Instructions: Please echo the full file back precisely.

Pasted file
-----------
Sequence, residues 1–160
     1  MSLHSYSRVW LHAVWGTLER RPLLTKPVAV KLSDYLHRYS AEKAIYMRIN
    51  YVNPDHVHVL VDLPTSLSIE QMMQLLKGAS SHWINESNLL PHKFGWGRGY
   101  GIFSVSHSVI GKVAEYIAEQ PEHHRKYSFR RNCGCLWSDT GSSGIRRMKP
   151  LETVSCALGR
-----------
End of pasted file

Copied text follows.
Sequence, residues 1–160
     1  MSLHSYSRVW LHAVWGTLER RPLLTKPVAV KLSDYLHRYS AEKAIYMRIN
    51  YVNPDHVHVL VDLPTSLSIE QMMQLLKGAS SHWINESNLL PHKFGWGRGY
   101  GIFSVSHSVI GKVAEYIAEQ PEHHRKYSFR RNCGCLWSDT GSSGIRRMKP
   151  LETVSCALGR